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The Family Room by Michelle Martin

February 1, 2009

Sick days

We all know the feeling: that tickle in the throat that becomes a burning ache, the fuzziness in the hearing and the thinking, the desire to do nothing more than lie down and go to sleep — but when you lie down, you can’t go to sleep because you can’t breathe.

Welcome to the misery of the common cold.

Caroline’s been suffering with one for a week or so, starting with the sore throat and fatigue, on through the headaches and the earaches and the sniffly, runny nose. She’s been so tired that one night, she was in bed by 6 p.m., getting up only to eat an abbreviated dinner at 9 p.m. (she fell asleep before the rest of us ate) before going back to bed.

Through it all, she has missed one day of school (so far). That was back at the beginning, when her throat hurt and she just didn’t look like she had the energy to make it through the day.

She may have missed more school, but some of the worst days fell on the weekend. And really, while she hasn’t been exactly happy about going to school, she wasn’t really happy about staying home, either. With no cable TV, and parents who have work to do, entertainment possibilities are limited.

She hasn’t had a fever, and her doctor said her ears are not infected (at least not yet), although the congestion is making them pop and making them uncomfortable whenever she turns her head too quickly.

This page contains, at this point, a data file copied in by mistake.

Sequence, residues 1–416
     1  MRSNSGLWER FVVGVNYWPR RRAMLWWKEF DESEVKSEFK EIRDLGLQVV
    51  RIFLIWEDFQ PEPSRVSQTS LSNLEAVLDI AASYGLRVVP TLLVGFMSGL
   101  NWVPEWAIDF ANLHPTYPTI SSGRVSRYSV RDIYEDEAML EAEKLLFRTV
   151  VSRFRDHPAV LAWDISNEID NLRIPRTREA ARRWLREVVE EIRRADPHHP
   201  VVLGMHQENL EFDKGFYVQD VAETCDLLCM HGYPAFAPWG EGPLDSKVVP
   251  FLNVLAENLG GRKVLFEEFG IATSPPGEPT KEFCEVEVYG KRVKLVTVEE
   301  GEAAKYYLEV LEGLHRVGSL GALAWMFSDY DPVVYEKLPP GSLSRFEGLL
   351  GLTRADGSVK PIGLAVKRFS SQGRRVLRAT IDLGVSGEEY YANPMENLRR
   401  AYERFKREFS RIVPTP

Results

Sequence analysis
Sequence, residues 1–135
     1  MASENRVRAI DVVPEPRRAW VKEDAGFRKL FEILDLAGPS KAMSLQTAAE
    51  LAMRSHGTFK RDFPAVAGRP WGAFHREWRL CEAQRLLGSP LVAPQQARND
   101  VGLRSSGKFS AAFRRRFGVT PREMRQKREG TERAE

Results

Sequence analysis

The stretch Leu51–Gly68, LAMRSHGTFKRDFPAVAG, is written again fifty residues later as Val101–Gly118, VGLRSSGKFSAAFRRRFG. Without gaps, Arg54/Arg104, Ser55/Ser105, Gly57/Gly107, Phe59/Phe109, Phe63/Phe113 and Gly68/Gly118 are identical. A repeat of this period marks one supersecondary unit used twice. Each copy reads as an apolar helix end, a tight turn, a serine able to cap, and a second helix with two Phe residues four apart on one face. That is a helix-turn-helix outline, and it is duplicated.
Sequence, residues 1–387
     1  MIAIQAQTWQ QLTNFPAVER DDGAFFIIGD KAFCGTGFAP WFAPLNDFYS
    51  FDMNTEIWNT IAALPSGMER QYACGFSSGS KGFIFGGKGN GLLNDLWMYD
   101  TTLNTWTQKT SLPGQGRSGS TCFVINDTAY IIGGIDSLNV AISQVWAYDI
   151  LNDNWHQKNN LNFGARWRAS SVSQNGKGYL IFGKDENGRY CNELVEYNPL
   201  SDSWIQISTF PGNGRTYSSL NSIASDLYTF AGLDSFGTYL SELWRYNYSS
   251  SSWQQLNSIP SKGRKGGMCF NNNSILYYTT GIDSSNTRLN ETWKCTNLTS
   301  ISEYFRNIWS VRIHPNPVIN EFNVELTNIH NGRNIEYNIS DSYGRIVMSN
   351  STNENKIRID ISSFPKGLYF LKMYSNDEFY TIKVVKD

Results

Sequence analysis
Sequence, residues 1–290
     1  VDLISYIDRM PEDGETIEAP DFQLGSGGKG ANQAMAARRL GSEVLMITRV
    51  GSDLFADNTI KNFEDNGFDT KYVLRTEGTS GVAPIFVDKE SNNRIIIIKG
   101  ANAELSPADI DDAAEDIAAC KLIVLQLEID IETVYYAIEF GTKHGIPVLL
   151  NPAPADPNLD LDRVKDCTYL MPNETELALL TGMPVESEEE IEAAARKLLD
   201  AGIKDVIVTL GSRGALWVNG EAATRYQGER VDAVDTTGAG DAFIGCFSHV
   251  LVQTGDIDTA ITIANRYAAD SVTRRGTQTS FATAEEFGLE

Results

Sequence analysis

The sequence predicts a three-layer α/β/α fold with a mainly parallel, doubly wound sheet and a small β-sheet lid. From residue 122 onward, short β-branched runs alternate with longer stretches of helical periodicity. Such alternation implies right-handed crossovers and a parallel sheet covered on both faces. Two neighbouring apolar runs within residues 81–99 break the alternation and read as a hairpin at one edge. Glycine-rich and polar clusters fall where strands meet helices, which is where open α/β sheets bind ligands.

If she was younger, she might have stayed home for several days. But for her to do that now, in fifth grade, would mean missing a lot of work, work she would only have to make up when she went back. It would also mean her dad or I would have to take off work, or take work home, not so much to care for her, but to make sure she wasn’t left alone.

If she were seriously ill, of course, throwing up or with a raging fever or pink eye or a cough so persistent it would distract her classmates, arrangements would be made and we would get our work done.

I understand the argument that she could be getting the other students sick, but I can’t believe sending her to school with a cold makes that much of a difference; school is full of kids who have colds.

She’s not really that sick … just not really feeling well, either. She can make it to school, although we might be doing her a disservice by sending her; the quality of her work probably suffers. But would it be better if she missed her lessons entirely?

So we’re left with the decision to send her to school, knowing she can come home if she really can’t bear it. But as long as she can, she can offer it up.

Martin is assistant editor of the Catholic New World. Contact her at [email protected].